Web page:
A World Cup to remember

The World Cup is over, but for one month it united the entire world in a festival of sport that has no parallel

Taha Anis July 16, 2018
This picture taken from the terrace of the Publicis drugstore on July 15, 2018 shows a portrait of French forward Kylian Mbappe projected on Paris' landmark Arc de Triomphe as people gather to celebrate France's victory in the Russia 2018 World Cup final football match between France and Croatia, on the Champs-Elysees avenue in Paris. PHOTO: AFP

KARACHI: It is strange how fate sometimes deals us hands that are so agonisingly similar yet so maddeningly different. For the last few months I had been fantasising about writing Andres Iniesta's farewell in the morrow after the World Cup final. A big grin on my face as I continuously replay the image of him lifting the hallowed trophy a second time.

Instead I am sitting here writing about a man similar to Iniesta in size, in stature, in composure, in grace, in beauty, in his love for Barcelona and even in his very personality. Instead I am trying to get over the image of Luka Modric crying stonefaced as he slowly let go of an unrealistic fantasy that had for a beautiful, fleeting moment seemed within touching distance.

France down Croatia in World Cup thriller

The Real man found refuge in football when his innocence and his beloved grandfather were taken away from him at such a young age, victims of the bloody war that raged in the Balkans. Today, football too forsake him. And there was no refuge in the cruel Russian rain.

The golden ball — which crowned him as the best player of the World Cup, at the Luka Modric World Cup — must have felt so pale, so unimportant and so so meaningless. In its reflection, he must have seen a man broken by his own dream.

There was to be no victory for romanticism. Logic — cold, hard logic — won in the end like it almost always does.

There will be no Iniesta at the World Cup ever again. Nor will there be Modric. Lionel Messi, Cristiano Ronaldo, David Silva, Sergio Ramos, Luis Suarez, Mesut Ozil, Sergio Aguero, Manuel Neuer and Mats Hummels may also have played their last at the greatest stage of them all. An entire army of modern day greats gone from the biggest stage of the sport in the blink of an eye. A frightening thought, especially for a generation that had grown up staring at the exploits of these men with wide-eyed wonder, forever transfixed by their genius, screaming and shouting and crying with them through their triumphs and their defeats.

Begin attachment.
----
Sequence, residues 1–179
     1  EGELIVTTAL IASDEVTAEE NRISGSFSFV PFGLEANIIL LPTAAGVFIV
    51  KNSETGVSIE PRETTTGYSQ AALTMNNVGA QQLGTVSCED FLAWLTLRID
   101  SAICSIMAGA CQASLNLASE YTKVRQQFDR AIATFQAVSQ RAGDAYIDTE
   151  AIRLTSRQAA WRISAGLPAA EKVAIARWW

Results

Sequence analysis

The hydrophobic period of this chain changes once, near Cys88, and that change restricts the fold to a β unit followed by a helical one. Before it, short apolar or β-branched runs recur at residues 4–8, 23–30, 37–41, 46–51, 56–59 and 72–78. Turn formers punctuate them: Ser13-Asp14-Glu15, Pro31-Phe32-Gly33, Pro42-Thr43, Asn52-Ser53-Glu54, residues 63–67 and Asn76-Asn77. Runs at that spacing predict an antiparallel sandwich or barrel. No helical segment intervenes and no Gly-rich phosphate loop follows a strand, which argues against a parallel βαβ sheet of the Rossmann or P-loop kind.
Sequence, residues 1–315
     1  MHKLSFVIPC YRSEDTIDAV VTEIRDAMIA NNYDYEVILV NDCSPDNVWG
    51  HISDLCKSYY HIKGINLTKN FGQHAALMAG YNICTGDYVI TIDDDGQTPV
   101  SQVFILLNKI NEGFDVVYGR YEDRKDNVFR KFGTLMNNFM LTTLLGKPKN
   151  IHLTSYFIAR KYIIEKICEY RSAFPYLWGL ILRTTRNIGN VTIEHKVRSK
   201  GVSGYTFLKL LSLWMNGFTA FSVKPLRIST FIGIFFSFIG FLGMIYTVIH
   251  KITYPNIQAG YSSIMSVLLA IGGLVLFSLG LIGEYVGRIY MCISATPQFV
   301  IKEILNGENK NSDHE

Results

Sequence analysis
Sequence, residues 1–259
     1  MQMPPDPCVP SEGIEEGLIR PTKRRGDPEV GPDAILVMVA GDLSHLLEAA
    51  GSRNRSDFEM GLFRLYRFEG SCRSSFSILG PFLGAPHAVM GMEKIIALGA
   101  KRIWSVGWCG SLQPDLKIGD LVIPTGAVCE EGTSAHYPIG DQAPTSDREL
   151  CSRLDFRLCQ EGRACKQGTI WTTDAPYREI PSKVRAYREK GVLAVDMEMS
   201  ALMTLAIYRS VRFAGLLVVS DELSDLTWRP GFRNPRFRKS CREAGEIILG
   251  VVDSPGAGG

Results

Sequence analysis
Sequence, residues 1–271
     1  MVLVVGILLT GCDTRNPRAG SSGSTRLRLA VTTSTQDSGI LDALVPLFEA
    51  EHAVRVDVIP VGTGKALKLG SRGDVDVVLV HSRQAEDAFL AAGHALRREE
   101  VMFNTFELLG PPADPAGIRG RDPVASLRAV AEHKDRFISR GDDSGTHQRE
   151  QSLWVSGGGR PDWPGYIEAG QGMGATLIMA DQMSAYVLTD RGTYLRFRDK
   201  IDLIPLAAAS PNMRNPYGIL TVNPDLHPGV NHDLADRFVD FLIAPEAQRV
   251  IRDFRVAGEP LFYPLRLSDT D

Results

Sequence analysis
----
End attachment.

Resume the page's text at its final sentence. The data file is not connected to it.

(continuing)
In the end, the best team won. It was a fair result, even if it was not the romantic one. New heroes were made as football found the men who will carry her forward in the years to come. The kings of old have left behind an entire army of princes ready to fight for the throne.

There was Antoine Griezmann, crying alone in a corner while the rest celebrated; there was Raphael Varane, standing head in hands, unable to comprehend how he had suddenly become immortal; there was N’Golo Kante, who made the game look so beautifully simple; there was Paul Pogba, always so flashy and so inconsistent but silencing his critics with one beautiful swing of his left leg that won the World Cup; there was Kylian Mbappe, a teenager who is either the next Thierry Henry or the next Ronaldo or the next Pele, depending on who you ask; there were Benjamin Pavard and Lucas Hernandez, the men who provided France with all the width they needed to conquer the world.

France, Croatia: on threshold of glory

The curtain has fallen. The World Cup is over, but for one beautiful month it united the entire world in a festival of sport that has no parallel. Along the way, new memories were created; good and bad alike.

Now, in four years’ time, Qatar awaits. Till then, Didier Deschamps and his men — the second youngest squad in the entire tournament — will proudly roam the planet; champions of the world.


Pardeep | 4 years ago | Reply We must also acknowledge Russia for organizing the game though initially were many doubts over its capability.
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